The B.C. government has passed legislation to permanently cap the fees charged by food delivery companies like Skip the Dishes and Uber Eats at 20 per cent of the dollar value of an order.
Victoria enacted numerous temporary caps stretching back to December 2020 as food delivery thrived amid COVID-19 pandemic restrictions, and companies were charging restaurants up to 30 per cent of an order's value.
The current cap — set at 15 per cent of the order's value, plus five per cent for additional fees — was set to expire on Dec. 31.
The Food Delivery Service Fee Act received royal assent Thursday, making the cap permanent.
The legislation states delivery companies cannot reduce driver pay to make up for the fee cap.
Ravi Kahlon, B.C.'s minister of jobs, said in a statement the legislation will provide more stability and certainty to the restaurant sector.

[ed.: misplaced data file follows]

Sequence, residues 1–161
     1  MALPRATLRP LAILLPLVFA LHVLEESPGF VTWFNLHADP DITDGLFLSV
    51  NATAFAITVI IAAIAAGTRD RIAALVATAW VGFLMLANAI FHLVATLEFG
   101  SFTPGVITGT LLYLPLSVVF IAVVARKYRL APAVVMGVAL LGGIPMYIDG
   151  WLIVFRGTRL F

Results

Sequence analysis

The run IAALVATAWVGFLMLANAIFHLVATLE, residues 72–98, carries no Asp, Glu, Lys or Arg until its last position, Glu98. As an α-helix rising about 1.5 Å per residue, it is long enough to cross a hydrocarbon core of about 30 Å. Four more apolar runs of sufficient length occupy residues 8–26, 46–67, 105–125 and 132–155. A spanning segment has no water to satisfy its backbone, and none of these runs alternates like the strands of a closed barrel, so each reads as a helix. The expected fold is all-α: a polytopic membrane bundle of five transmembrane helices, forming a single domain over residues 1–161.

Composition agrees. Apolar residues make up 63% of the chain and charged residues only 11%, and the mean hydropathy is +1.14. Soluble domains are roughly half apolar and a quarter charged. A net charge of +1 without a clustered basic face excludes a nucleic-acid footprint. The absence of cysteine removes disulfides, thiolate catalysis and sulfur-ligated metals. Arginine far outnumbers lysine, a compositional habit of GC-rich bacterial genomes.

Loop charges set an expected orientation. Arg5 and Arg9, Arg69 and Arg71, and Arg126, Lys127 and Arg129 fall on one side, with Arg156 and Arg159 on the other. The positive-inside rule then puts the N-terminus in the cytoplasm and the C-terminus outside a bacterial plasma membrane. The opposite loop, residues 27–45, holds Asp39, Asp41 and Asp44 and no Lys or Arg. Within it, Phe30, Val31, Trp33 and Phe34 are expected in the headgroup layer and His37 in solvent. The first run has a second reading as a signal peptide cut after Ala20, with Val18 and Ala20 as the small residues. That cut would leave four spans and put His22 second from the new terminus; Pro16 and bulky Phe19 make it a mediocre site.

The B.C. government says it is the first jurisdiction in Canada to pass legislation capping delivery fees.
The province says takeout and delivery options went from 12 per cent of B.C.'s restaurant sales in April 2020 to 36 per cent in April 2021. Restaurants had previously spoken up in favour of the cap and further regulation to ensure restaurants weren't being gouged by gig-economy delivery apps.
Mark von Schellwitz, vice president of Western Canada with Restaurants Canada, is quoted by the government as saying the legislation would "help the restaurant sector remain viable for the long term."